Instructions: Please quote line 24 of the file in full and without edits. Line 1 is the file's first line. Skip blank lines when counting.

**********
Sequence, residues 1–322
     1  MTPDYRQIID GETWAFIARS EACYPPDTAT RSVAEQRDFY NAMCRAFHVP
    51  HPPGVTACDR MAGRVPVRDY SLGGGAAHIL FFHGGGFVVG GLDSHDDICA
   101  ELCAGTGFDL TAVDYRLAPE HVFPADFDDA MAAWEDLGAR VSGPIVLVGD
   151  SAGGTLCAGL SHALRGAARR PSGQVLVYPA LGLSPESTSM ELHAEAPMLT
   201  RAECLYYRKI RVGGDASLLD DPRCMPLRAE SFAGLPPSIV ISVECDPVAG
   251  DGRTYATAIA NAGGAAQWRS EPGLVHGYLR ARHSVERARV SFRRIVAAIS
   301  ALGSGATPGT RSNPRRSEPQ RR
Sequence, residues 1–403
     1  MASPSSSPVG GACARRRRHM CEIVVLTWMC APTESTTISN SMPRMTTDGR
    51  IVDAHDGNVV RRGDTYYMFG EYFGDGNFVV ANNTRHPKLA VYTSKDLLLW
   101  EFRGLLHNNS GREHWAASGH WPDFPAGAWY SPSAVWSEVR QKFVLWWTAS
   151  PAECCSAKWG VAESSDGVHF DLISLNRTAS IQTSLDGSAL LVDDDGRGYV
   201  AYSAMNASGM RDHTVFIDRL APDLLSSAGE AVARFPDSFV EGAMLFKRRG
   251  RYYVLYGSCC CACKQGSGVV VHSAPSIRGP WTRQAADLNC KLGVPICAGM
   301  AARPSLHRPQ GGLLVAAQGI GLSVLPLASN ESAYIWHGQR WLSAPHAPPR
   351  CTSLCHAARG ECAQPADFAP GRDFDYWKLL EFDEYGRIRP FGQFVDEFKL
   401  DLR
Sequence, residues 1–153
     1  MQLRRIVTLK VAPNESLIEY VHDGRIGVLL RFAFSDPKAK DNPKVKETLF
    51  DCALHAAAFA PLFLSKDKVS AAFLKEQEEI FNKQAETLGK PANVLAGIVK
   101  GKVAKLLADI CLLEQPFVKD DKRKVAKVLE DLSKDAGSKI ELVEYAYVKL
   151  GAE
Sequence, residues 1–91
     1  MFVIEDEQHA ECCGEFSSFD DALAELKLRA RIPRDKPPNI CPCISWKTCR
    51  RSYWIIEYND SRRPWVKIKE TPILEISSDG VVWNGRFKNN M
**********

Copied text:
Sequence, residues 1–91